DOJ’s request does not appear to be predicated on any documented violations of anyone’s civil rights. The section of HB 56 which would have required Alabama schools to collect data about citizenship status of students who enroll was one of two provisions that the 11th Circuit blocked from taking effect. (How Alabama is supposed to provide DOJ data about national origin if they’re not allowed to ask that information is not quite clear.) Moreover, a 1982 Supreme Court decision requires that states provide free K-12 education to students irrespective of immigration status.
HB 56 has, no doubt, resulted in the withdrawal of students from Alabama schools who are either illegal aliens or the dependent children of illegal aliens. But that fact does not imply civil rights violations. Rather, it is a direct consequence of the law – ruled to be constitutional by the 11th Circuit – working as intended. Illegal aliens are getting the message and moving out of Alabama, taking their kids with them.
The fact that illegal aliens are leaving Alabama in significant numbers (much as they have done in other places where local enforcement policies have been implemented) is the biggest concern for an administration whose policy objective is amnesty, not enforcement. Every time a state government demonstrates that illegal aliens are indeed rational people, who respond rationally to signals that illegal immigration will not be countenanced, it undermines the specious argument that the only solution to the problem is mass amnesty.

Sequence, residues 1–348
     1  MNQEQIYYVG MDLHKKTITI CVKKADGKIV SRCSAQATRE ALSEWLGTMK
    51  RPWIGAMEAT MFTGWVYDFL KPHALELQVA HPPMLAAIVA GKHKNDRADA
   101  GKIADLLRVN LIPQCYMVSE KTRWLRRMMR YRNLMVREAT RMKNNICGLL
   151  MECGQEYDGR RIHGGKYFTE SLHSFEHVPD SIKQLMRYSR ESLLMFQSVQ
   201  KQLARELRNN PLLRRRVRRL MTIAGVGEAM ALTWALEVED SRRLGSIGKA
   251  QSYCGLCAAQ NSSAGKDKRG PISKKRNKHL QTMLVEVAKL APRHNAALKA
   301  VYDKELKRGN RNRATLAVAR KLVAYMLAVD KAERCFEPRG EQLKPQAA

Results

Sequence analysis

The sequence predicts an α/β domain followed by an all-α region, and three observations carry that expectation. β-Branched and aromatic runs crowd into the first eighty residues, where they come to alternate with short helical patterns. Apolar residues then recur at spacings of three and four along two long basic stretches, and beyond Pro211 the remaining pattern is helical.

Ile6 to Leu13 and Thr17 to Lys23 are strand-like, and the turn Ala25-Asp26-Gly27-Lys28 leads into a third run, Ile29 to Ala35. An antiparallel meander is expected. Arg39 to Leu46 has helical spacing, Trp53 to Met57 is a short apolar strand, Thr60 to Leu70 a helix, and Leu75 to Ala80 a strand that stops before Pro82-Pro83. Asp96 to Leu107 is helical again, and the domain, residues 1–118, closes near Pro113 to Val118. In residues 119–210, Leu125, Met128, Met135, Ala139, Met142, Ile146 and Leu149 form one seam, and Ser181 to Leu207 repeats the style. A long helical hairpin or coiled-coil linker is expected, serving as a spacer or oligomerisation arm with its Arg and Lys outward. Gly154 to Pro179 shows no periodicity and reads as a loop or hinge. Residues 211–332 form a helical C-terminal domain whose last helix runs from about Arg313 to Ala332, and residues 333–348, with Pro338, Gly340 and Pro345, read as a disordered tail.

As the administration wages its effort to halt most enforcement of immigration laws and to secure amnesty for the millions of illegal aliens who are here, DOJ has been turned into a political attack dog, unleashed on any state or local government that dares to get in the administration’s way. When lawsuits fail, because courts determine that states are acting legally, DOJ is sending a clear message that its civil right division will be there to drain additional state resources with retaliatory demands for data.